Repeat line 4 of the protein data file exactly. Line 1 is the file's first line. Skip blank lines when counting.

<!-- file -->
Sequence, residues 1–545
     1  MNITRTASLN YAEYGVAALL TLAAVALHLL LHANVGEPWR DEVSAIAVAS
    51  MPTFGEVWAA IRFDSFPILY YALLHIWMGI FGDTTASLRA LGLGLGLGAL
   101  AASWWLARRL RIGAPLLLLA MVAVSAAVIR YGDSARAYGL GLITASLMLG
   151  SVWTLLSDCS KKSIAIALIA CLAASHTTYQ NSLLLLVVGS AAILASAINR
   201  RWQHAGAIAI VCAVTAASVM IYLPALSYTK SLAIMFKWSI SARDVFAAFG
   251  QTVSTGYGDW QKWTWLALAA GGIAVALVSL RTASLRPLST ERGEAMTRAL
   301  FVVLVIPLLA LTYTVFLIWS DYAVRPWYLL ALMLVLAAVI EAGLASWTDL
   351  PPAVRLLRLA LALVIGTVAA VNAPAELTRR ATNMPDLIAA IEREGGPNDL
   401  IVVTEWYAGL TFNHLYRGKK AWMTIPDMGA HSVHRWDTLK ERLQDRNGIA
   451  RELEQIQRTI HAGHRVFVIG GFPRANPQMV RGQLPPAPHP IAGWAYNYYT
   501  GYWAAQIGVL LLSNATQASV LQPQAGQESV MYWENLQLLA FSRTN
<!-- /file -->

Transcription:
   101  AASWWLARRL RIGAPLLLLA MVAVSAAVIR YGDSARAYGL GLITASLMLG